If just one-third of establishments shutter, the city would lose nearly 8,000 eateries and 106,000 jobs, the audit found. If the closures rise to 50 percent, nearly 12,000 bars and restaurants would close their doors, costing the city almost 159,000 jobs.
DiNapoli released the report last Thursday in Jackson Heights alongside business owners and local lawmakers. He said in a statement that the city’s bars and restaurants are “the lifeblood of our neighborhoods.”
“The industry is challenging under the best of circumstances and many eateries operate on tight margins,” he said. “Now they face an unprecedented upheaval that may cause many establishments to close forever.”
According to the report, in 2019 New York City’s restaurant industry had 23,650 establishments, provided 317,800 jobs, paid $10.7 billion in total wages and made nearly $27 billion in taxable sales. The industry accounted for about one in 12 private sector jobs and establishments citywide.
Between 2009 and 2019, jobs in the industry grew by 61 percent while establishments grew by 44 percent, which the comptroller noted was double the overall rate of growth.
This past February, more than 315,000 people worked in the restaurant industry. But by April, one month into the COVID-19 pandemic, that number dropped to 91,000 as the state imposed restrictions on restaurants and other businesses.
Revenues at New York City bars took a nosedive, falling by 94 percent on March 22 and again on April 26. Taxable sales, as reported by the state’s Department of Taxation and Finance, fell by 71 percent in March, April and May, compared to one year earlier.
By August, employment in the restaurant industry was still only at 55 percent of its level in February, the month before the pandemic struck.
DiNapoli’s report noted that restaurants began exploring new business models to generate revenue, from offering takeout and delivery to selling do-it-yourself kits to customers.
In June, the city began its Open Restaurants program, which gave restaurants and customers a new possibility: outdoor dining. Last month, Mayor Bill de Blasio announced that the program would become permanent and year-round.
As a result of these changs, credit card payments at Open Restaurants participants increased, according to the audit. By the second half of August, restaurants were only 12.4 percent below what they were a year ago, and bars were down 23 percent.
Outdoor dining, as well as the phased reopening of the economy, led to restaurant employment rising to 174,000 jobs in August.
“It’s important that the state and city continue to be creative and bolster the industry,” DiNapoli said. “The city’s decision to extend outdoor dining year-round to help keep restaurants afloat is a step in the right direction along with the opening for indoor dining.”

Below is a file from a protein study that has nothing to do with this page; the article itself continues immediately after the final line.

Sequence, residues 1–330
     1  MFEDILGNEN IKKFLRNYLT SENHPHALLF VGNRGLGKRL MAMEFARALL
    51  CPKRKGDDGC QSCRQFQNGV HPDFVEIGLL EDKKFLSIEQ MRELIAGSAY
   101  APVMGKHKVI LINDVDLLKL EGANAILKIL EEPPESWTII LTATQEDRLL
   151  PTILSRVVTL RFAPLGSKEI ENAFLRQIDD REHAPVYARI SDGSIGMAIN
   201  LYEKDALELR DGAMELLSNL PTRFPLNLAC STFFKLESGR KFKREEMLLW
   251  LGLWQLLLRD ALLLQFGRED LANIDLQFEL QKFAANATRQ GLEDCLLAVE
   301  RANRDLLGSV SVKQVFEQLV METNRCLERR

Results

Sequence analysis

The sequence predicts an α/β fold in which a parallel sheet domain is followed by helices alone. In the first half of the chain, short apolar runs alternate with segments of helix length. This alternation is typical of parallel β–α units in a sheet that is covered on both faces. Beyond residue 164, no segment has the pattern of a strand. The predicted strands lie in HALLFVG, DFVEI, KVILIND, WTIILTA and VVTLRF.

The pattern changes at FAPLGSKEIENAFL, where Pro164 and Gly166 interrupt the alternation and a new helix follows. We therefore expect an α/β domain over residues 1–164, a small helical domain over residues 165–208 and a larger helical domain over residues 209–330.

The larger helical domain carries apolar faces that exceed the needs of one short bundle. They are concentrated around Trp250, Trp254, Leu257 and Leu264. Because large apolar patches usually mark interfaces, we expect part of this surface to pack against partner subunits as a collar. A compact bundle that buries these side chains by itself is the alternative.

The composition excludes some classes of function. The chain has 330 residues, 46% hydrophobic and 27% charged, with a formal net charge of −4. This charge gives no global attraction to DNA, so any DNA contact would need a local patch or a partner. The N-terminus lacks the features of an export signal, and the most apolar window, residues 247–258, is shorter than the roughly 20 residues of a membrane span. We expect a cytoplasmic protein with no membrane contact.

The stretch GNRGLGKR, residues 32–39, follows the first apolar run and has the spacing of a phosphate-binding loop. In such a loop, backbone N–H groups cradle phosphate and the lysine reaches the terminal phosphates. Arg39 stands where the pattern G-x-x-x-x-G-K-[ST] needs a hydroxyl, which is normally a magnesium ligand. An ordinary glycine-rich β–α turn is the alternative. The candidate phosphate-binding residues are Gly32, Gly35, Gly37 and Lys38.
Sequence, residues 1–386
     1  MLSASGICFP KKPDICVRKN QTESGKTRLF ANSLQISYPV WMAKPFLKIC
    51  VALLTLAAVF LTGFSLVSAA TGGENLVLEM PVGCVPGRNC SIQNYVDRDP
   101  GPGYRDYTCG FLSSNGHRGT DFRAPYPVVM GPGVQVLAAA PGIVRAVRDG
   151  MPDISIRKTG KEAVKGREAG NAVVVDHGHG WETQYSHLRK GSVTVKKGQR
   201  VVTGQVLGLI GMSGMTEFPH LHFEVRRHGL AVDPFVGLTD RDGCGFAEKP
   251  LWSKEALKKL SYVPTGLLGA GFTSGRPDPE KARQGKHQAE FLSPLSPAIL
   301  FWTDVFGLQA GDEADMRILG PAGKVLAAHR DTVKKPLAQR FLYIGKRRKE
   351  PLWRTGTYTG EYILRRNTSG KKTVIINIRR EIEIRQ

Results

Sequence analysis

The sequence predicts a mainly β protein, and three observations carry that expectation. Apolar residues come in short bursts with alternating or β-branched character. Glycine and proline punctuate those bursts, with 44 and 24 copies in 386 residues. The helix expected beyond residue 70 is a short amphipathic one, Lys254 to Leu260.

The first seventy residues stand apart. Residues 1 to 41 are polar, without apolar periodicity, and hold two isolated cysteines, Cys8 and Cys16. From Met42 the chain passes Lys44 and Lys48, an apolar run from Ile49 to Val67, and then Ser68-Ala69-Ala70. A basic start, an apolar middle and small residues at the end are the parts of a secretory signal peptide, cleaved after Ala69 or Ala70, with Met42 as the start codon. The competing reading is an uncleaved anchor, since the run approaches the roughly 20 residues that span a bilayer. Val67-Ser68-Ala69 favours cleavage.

The comptroller’s audit also studied the makeup of New York City’s restaurant industry. More than 60 percent of restaurant workers were immigrants in 2018, compared to 45 percent across all occupations. In 16 neighborhoods, including parts of Queens, Brooklyn and the Bronx, the share is between 70 and 90 percent.
The report also found that as of 2018, 44 percent of the city’s residents working in the industry were Hispanic, while 20 percent were Asian, which is higher than overall employment shares. Lawmakers noted that restaurant closures would disproportionately impact immigrant workers and the neighborhoods where they live.
“Our local restaurants are the backbone of this community and without a viable reopening plan, we risk losing so many jobs, as well as the vibrant character of our neighborhood,” Assemblywoman Catalina Cruz said in a statement. “The state must do everything in its power to ensure our small businesses survive beyond the pandemic.”
Tom Grech, president and CEO of the Queens Chamber of Commerce, said in a statement that the borough’s 6,000 restaurants are the backbone of the local economy, creating jobs and entrepreneurship opportunities for New Yorkers.
“Outdoor dining has been a help, and we’re excited for the return of indoor dining,” Grech said, “but without further action, many of our cherished neighborhood institutions will close for good.”
Andrew Rigie, executive director of the NYC Hospitality Alliance, called the new report “shocking,” noting that the data confirms the economic devastation that the coronavirus pandemic has inflicted on small businesses.
“The comptroller’s report sends a critical message that must be heard by policymakers and New Yorkers at large,” he said, “which is that in order to save our city’s greater economy, our restaurant industry must be at the core of its recovery.
“While we are appreciative of the government actions taken so far to support our restaurant community and the hundreds of thousands of people it employs,” Rigie added, “many more policies must be enacted by all levels of government to help save these small businesses and our economy.”